Monday, October 16, 2017
1) Opening prayer
our help and guide,
make your love the foundation of our lives.
May our love for you express itself
in our eagerness to do good for others.
You live and reign with the Father and the Holy Spirit,
one God, for ever and ever. Amen.
2) Gospel Reading - Luke 11,29-32
The crowds got even bigger and Jesus addressed them, 'This is an evil generation; it is asking for a sign. The only sign it will be given is the sign of Jonah. For just as Jonah became a sign to the people of Nineveh, so will the Son of man be a sign to this generation.
On Judgement Day the Queen of the South will stand up against the people of this generation and be their condemnation, because she came from the ends of the earth to hear the wisdom of Solomon; and, look, there is something greater than Solomon here.
On Judgement Day the men of Nineveh will appear against this generation and be its condemnation, because when Jonah preached they repented; and, look, there is something greater than Jonah here.
• The Gospel today presents a very hard accusation of Jesus against the Pharisees and the Scribes. They wanted Jesus to give them a sign, because they did not believe in the signs and in the miracles which He was working. This accusation of Jesus continues in the Gospels of the following days. In meditating on these Gospels we have to be very attentive not to generalize the accusation of Jesus as if it were addressed to the Hebrew people. In the past, this lack of attention, unfortunately, contributed to an increase in anti-semitism among Christians, which has caused so much harm to humanity throughout the centuries. Instead of pointing the finger against the Pharisees of the time of Jesus, it is better to look at ourselves in the mirror of the texts to discover in them the Pharisee which may live hidden in our Church and in each one of us, and who merits this criticism from Jesus.
• Luke 11, 29-30: The sign of Jonah. “At that time, the people crowed and Jesus began to say: This is an evil generation; it is asking for a sign. The only sign it will be given is the sign of Jonah”. The Gospel of Matthew says that it was the Scribes and the Pharisees who were asking for a sign (Mt 12, 38). They wanted Jesus to work a sign for them, a miracle, in such a way that they could become aware if He was the one sent by God, as they had imagined. They wanted Jesus to submit himself to their criteria. They wanted to fit Him into the framework of their own idea of the Messiah. There was no openness for a possible conversion in them. But Jesus did not submit himself to their request. The Gospel of Mark says that Jesus, before the request of the Pharisees sighed profoundly (Mk 8, 12), probably because He was upset and sad in the face of such blindness. It serves nothing to try to show a beautiful picture to a person who does not want to open their eyes. The only sign that will be given is the sign of Jonah. “For just as Jonah became a sign to the people of Nineveh, so will the Son of man be a sign to this generation “. How will this sign of the Son of man be? The Gospel of Matthew responds: “For as Jonah remained in the belly of the sea-monster for three days and three nights, so will the Son of man be in the heart of the earth for three days and three nights” (Mt 12, 40). The only sign will be the resurrection of Jesus. This is the sign which will be given in the future to the Scribes and the Pharisees. Jesus, who was condemned to death by them and to death on the cross, will rise from the dead by God and will continue to resurrect in many ways in those who believe in him. The sign which converts is not the miracles but the witness of life!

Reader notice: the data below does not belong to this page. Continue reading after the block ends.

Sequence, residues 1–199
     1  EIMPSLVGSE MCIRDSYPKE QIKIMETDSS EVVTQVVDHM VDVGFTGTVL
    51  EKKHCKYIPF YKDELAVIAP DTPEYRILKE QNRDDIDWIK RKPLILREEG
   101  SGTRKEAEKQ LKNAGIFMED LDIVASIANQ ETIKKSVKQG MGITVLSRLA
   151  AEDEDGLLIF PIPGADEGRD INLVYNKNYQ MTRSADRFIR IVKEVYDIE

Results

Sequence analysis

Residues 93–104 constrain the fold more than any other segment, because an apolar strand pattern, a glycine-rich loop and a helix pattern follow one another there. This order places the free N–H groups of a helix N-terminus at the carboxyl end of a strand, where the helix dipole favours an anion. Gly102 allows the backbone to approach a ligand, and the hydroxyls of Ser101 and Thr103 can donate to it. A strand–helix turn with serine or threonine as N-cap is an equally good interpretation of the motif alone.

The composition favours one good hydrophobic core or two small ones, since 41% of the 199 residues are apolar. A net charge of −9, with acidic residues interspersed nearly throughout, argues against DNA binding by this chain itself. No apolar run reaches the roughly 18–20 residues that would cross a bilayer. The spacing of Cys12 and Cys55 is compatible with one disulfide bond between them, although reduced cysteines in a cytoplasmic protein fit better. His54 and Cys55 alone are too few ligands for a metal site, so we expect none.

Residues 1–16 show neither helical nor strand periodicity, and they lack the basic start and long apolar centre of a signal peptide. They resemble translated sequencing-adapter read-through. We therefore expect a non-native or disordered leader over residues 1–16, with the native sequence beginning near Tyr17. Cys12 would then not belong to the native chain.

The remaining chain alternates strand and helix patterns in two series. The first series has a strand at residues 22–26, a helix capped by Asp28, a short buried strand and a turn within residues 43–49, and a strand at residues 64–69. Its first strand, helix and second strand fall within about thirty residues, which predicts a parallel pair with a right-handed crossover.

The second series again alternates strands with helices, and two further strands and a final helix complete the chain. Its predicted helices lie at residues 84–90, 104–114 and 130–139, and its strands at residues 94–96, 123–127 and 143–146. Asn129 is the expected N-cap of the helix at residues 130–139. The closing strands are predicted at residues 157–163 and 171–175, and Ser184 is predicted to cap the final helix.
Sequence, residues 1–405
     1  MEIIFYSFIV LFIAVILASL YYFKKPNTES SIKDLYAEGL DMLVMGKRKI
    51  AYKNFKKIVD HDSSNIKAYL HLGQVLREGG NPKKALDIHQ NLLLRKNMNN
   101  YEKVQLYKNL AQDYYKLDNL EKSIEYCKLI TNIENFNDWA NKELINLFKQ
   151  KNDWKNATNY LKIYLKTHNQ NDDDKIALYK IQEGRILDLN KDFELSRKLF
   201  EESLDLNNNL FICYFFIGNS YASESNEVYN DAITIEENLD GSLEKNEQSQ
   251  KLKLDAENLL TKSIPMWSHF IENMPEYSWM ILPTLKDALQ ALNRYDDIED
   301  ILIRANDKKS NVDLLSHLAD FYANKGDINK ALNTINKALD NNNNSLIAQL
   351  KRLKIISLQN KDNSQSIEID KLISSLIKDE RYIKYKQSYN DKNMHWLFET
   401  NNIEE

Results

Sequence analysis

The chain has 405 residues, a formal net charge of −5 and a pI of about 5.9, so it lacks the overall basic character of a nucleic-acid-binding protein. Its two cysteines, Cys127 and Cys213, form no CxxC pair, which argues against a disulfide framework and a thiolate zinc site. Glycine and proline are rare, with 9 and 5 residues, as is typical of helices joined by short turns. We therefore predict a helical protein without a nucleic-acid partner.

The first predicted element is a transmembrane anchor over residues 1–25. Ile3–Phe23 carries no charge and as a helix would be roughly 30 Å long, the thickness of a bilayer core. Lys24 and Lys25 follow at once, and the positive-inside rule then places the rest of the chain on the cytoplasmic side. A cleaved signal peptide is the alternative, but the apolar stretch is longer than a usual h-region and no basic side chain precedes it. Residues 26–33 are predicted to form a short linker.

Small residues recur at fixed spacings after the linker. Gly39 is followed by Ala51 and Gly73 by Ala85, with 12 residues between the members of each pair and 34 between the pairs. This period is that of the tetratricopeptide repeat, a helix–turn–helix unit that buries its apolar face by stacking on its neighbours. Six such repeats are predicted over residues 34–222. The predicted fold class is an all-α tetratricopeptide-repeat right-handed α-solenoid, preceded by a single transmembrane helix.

• Luke 11, 31: Solomon and the Queen of the South. The reference to the conversion of the people of Nineveh associates and recalls the conversion of the Queen of the South: “The Queen of the South will stand up against this generation and be their condemnation; because she came from the ends of the earth to hear the wisdom of Solomon; and look, there is something greater than Solomon here”. This reminder of the episode of the Queen of the South who recognizes the wisdom of Solomon shows how the Bible was used at that time. It was by association. The principal rule for the interpretation was this one: “The Bible is explained by the Bible”. Up until now, this is one of the more important norms for the interpretation of the Bible, especially for the reading of the Word of God in a climate of prayer.
• Luke 11, 32: And Look there is something greater than Solomon here. After the digression on Solomon and on the Queen of the South, Jesus returns to speak about the sign of Jonah: “The men of Nineveh will appear against this generation and be its condemnation, because when Jonah preached they repented”. The people of Nineveh were converted because of the witness of the preaching of Jonah. He denounces the unbelief of the Scribes and of the Pharisees because “something greater than Jonah is here”. Jesus is greater than Jonah, greater than Solomon. For us Christians, He is the principal key for Scripture (2Co 3, 14-18).
4) Personal questions
• Jesus criticizes the Scribes and the Pharisees who managed to deny the evidence, rendering themselves incapable to recognize the call of God in the events. As Christians today, personally and collectively, do we deserve the same criticism of Jesus?
• Níneveh was converted because of the preaching of Jonah. The Scribes and the Pharisees were not converted. Today, the calls of reality cause changes and conversions in people in the whole world: the ecological threat, urbanization that dehumanizes, consumerism which standardizes and alienates, injustice, violence, etc. Many Christians live far away from these calls of God which come from reality.
5) Concluding prayer
Praise, servants of Yahweh,
praise the name of Yahweh.
Blessed be the name of Yahweh,
henceforth and for ever. (Ps 113,1-2)